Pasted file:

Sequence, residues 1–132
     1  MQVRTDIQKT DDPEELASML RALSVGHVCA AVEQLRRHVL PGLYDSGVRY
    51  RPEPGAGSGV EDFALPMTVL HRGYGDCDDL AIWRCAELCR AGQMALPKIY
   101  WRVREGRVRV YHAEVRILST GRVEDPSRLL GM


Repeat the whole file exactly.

Sequence, residues 1–132
     1  MQVRTDIQKT DDPEELASML RALSVGHVCA AVEQLRRHVL PGLYDSGVRY
    51  RPEPGAGSGV EDFALPMTVL HRGYGDCDDL AIWRCAELCR AGQMALPKIY
   101  WRVREGRVRV YHAEVRILST GRVEDPSRLL GM